Milk powders have been widely used for decades across multiple categories and applications, from infant formula to milk chocolate. In recent years, the demand for plant-based milk alternatives has strongly increased, and with it the interest in plant-based milk powders. In milk powder substitutes, milk fat, protein and carbohydrates are replaced by plant-based counterparts to form a milk-like emulsion with consecutive drying, aiming to achieve similar nutritional and organoleptic properties compared to dairy milk. In order to achieve the long shelf-life required for milk powder substitutes, present lipids and proteins need to be protected in the powder matrix against oxidation by environmental oxygen. The present work aims to understand and leverage the complex factors impacting oxidation stability in order to enable targeted product and process design for extended powder shelf-life.
In this work, the contribution and interrelations of three critical impact factors on the shelf-life stability of dried emulsions are investigated (see Fig. 1): Particle structure, matrix permeability and properties of the oil-matrix interface. To quantify the relevant impact factors and their synergistic effects for shelf-life determination, dried model emulsions with different properties are produced:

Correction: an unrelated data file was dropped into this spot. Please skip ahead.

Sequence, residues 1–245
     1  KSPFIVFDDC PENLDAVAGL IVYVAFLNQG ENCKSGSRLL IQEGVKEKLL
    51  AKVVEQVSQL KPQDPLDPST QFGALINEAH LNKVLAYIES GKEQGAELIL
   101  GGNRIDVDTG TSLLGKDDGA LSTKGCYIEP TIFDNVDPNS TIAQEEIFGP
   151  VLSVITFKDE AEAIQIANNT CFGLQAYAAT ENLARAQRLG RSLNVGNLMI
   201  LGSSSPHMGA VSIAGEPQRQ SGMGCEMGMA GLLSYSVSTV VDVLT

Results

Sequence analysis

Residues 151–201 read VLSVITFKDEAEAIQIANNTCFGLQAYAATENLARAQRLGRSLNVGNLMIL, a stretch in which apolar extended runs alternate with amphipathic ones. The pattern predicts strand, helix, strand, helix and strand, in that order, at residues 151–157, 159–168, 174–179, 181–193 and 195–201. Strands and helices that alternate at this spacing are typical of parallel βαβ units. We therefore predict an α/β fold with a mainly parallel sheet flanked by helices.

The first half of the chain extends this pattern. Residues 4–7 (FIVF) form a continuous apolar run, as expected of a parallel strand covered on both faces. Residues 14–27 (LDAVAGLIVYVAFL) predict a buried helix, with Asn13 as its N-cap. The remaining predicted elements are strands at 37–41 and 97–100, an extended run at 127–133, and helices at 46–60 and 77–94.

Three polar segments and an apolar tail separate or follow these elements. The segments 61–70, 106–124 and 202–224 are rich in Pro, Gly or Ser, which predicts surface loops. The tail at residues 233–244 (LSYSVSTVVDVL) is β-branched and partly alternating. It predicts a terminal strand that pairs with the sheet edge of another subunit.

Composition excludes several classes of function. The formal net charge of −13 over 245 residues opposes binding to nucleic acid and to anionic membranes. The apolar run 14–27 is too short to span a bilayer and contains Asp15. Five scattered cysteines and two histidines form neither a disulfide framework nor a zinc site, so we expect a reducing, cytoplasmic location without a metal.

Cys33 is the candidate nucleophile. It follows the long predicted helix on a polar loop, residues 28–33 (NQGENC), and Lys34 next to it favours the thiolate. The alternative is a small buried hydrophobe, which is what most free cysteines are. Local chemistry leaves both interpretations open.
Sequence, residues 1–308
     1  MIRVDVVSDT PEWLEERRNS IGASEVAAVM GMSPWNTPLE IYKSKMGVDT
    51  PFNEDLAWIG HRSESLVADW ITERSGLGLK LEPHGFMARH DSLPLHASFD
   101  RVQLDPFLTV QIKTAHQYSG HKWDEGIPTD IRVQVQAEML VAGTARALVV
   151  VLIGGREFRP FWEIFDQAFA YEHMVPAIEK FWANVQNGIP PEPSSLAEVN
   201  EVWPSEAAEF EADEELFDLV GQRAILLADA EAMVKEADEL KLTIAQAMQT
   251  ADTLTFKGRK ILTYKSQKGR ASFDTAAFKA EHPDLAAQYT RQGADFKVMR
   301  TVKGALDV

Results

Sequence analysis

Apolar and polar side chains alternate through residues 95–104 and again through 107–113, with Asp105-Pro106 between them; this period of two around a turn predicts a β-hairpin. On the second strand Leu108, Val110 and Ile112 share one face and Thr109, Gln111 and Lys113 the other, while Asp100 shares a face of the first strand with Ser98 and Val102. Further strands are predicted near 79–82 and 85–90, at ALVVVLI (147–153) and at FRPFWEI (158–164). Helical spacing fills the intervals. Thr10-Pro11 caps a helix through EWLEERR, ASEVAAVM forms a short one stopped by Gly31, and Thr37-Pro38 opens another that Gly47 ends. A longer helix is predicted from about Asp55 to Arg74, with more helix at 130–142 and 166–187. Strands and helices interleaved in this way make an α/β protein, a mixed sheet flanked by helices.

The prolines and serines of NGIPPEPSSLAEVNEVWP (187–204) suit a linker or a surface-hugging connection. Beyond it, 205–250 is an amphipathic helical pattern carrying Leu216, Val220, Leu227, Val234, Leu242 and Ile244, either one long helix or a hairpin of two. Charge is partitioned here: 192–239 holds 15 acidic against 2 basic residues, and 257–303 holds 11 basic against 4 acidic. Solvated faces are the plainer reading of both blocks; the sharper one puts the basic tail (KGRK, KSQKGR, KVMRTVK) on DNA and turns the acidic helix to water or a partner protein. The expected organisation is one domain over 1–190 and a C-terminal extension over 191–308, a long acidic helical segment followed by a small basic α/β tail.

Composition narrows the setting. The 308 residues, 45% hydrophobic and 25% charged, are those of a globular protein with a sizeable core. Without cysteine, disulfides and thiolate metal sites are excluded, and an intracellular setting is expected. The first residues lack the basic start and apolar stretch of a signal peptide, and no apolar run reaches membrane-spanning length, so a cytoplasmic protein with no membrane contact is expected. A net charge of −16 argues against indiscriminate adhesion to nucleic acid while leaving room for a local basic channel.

- Particle structure (size and porosity) will be varied through process parameters during drying of model emulsions, drying technology or post drying processing, such as fluid bed agglomeration.
- Matrix permeability to oxygen will be altered through the molecular weight of the model emulsions’ hydrophilic, glassy matrix, using maltodextrin with different dextrose equivalents.
- Oil-matrix interface will be tuned by leveraging and modifying material properties of the emulsifying system in order to alter the interfacial layer that poses an important barrier for lipid oxidation.
For good comparison of the different factors on oxidation stability, dried model emulsions aim to achieve a constant, high encapsulation efficiency (EE) in order to minimize free fat on the particle surface.
Based on experimental results, a predictive model will be developed, estimating oxidation of a lipid marker based on oxygen diffusion through the particle structure, taking into account the matrix’s oxygen permeability and properties of the lipid-matrix interface.
Nestlé Research Center, Lausanne, Switzerland